But Judge Rymer was also an incredibly warm and supportive person. I battled cancer during my clerkship, and she could not have been more wonderful in helping me through my surgery and treatment. To this day, her kindness during that trying time is something I carry with me. Beyond that year, we stayed very close — even when I moved to Milwaukee — and she was a constant source of advice, guidance, and support. Judge Rymer took great delight in my successes and was always happy to talk about various challenges, decisions, etc., and help me think through how I wanted to approach them. She was an amazing mentor, as so many of her former clerks would attest.
The second was Professor Katherine Baird Darmer, a colleague of mine from Chapman University School of Law, where I previously taught. Katherine and I met taking the bar exam in California. She had moved to California — after a distinguished career practicing in New York at a big firm and then as an Assistant U.S. Attorney — to teach at Chapman. We happened to be sitting next to each other for the bar exam, struck up a conversation, and a friendship was born. We stayed in touch, and as I practiced law and started to think about my career goals, she not only encouraged me, but mentored me, in pursuing a career as a law professor. In fact, she recruited me to teach at Chapman early in my teaching career. Katherine took a particular interest in me in a way that helped me thrive at Chapman. She gave me advice about teaching and scholarship and encouraged me to take leadership positions at Chapman, even as a junior faculty member. Our offices were next to one another, and it was rare that a day went by that I was not in her office, or she in mine, to talk about various aspects of our job or the law school. As I look back, I marvel at what an influence Katherine had on my career as a law professor.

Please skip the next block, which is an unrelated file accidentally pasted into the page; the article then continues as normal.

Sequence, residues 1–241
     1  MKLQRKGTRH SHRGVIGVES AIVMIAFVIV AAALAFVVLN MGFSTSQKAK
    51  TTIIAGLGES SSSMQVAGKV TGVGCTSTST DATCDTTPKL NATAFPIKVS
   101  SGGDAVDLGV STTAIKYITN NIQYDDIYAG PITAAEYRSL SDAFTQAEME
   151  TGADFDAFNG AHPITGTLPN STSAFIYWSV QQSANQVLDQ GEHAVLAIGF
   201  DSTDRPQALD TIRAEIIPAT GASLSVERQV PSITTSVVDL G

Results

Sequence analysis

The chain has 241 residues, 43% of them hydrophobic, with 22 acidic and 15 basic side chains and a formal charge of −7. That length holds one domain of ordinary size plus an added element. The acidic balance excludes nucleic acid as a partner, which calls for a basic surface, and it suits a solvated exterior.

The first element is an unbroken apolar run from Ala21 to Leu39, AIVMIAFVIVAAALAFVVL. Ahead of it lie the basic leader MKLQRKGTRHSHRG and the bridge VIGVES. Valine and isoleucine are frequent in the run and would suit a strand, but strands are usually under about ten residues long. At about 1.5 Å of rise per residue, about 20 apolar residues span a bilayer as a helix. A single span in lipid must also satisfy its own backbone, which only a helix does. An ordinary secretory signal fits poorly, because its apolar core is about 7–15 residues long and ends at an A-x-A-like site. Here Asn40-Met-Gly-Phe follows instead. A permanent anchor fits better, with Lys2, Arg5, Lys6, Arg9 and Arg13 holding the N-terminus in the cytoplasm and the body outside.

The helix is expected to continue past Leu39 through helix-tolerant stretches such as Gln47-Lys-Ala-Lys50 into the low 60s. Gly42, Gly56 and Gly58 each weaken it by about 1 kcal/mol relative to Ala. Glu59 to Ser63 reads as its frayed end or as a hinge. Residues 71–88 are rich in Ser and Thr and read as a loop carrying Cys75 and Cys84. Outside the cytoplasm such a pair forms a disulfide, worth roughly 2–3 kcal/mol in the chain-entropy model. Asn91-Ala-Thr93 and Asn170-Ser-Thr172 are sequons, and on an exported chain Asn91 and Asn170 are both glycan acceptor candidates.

I was not the only one fortunate enough to receive Katherine’s mentoring. Students adored Katherine, and she invested an extraordinary amount of time and care into helping students — with their struggles both within law school and outside of it. It is thus appropriate that the students at Chapman renamed the Professor of the Year award in her honor after her passing. In addition, Katherine was a leader in the Orange County community for various social justice issues. Here, too, her impact and legacy live on through community scholarships set up in her honor to support students in Southern California.
When both passed away, in late 2011 and early 2012 respectively, I felt incredible loss. While I am extremely fortunate to have many mentors still in my life — some from as early in my life as elementary school — there is not a day that goes by that I don’t miss the two of them. They had an extraordinary influence on my life, and the lessons they taught me — and the care and support they gave me — inspire me and help inform how I approach my position at the Law School. So during this period of reflection, I am grateful for the numerous blessings that the last ten years have brought me, including being a part of Marquette Law School. And I also pause to remember these two amazing women and the power of mentoring.